Since I am still basically voice-less (I have a followup appointment in 2 weeks with the ENT, who prescribed an outrageously expensive spray that I'm supposed to use twice daily for a month), I figured I had better type down a Torah thought so that my DH can read it at the Shabbos table tonight. It'll just be one though (really, I promise), since we had a crazy late night and I have to start cleaning the house.
It struck me that Tzelafchad's daughters provide outright evidence that women have rights according to Torah law, albeit not evidence in the way that one might expect. Rather, we see that daughters are entitled to property in the event that a father has beget no sons. Now, that's discrimination, some might say. However, when one looks at the underlying "logic" of this legal detail, we see that in fact this detail is most fair and that some might protest that the detail discriminates in favour of women.
In brief, the reason for distributing property is to keep that property within the family. Now, we will recall that women leave their own families to become part of their husband's family upon marriage. Therefore, for women to receive a portion despite the fact that they will become part of a different family later in life seems to be preferential to women. We note that when Hashem deems the claim of Tzelafchad's daughters valid, He instructs them to marry men from their tribe. The hope is to always keep property within family then, and the reason why the exception is made on the part of women is because Hashem, in His Compassion, felt that daughters should be entitled property to reward them for their devotion to their birth family. In other words, prior to marriage, women contributed with their labour towards the household. If there are no sons then, the bond with and role of the daughters to their father must be acknowledged.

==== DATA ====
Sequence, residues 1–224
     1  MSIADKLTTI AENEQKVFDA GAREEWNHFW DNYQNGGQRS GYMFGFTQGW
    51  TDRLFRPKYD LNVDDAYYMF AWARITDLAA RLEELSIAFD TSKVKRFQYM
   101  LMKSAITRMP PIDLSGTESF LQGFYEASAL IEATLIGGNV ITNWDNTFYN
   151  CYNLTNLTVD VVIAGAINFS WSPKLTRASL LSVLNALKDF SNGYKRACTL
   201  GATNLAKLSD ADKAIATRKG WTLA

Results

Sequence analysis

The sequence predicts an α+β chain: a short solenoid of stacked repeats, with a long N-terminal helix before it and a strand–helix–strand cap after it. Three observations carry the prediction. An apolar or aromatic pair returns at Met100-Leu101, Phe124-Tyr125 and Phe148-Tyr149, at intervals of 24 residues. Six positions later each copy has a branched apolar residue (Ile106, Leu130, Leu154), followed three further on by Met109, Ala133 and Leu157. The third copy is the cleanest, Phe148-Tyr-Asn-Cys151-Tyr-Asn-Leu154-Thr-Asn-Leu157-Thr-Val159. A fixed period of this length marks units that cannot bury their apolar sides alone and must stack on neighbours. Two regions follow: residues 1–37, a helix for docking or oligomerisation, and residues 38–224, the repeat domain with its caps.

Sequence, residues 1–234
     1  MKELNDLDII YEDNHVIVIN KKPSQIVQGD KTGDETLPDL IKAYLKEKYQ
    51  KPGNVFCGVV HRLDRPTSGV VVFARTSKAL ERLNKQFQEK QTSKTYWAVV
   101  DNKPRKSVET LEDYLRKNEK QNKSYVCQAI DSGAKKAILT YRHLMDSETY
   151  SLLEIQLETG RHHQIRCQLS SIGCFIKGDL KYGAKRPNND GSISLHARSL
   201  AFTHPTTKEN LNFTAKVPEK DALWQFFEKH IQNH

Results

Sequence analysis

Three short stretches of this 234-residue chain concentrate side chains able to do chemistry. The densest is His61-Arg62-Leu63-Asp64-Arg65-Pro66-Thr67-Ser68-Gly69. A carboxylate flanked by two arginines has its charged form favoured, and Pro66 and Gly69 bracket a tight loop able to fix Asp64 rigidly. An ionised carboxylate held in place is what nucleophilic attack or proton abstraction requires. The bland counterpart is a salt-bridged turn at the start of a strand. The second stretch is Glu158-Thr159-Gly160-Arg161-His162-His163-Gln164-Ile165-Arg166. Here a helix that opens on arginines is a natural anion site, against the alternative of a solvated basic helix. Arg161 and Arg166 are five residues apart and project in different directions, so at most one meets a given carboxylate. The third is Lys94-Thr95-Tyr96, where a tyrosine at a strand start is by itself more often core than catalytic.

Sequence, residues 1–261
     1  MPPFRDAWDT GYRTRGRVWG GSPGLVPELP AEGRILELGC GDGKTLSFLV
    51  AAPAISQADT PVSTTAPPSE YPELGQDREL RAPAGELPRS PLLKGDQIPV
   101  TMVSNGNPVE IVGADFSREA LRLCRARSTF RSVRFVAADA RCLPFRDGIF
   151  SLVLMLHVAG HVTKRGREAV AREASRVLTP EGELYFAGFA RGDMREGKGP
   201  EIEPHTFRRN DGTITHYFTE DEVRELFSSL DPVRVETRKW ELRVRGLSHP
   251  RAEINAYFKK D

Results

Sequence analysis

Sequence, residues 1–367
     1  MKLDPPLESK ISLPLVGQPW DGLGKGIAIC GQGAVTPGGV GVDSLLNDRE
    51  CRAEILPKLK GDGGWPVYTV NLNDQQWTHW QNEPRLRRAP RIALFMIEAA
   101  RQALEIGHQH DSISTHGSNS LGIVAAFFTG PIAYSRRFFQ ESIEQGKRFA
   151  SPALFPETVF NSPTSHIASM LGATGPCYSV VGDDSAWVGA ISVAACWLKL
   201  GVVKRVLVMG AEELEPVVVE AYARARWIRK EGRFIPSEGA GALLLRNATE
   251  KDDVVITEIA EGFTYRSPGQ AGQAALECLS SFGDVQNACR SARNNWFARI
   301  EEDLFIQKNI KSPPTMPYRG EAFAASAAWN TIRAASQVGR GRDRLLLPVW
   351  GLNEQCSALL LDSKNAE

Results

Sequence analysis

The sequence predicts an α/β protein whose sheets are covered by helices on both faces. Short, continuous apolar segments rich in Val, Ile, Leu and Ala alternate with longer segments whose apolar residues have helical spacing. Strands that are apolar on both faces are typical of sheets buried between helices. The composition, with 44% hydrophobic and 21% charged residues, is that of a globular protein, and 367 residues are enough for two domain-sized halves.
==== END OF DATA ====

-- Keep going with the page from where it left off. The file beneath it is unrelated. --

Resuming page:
We see therefore that Hashem, in His Infinite Wisdom, did not discriminate against women materially and indeed chose to reward them for their emotional and physical connection to their father. To do otherwise would deny their relationship with that parent and would be a grave injustice. As we know, Hashem is Himself a most Compassionate and Just Father, and could therefore only inbue Torah Law with those attributes.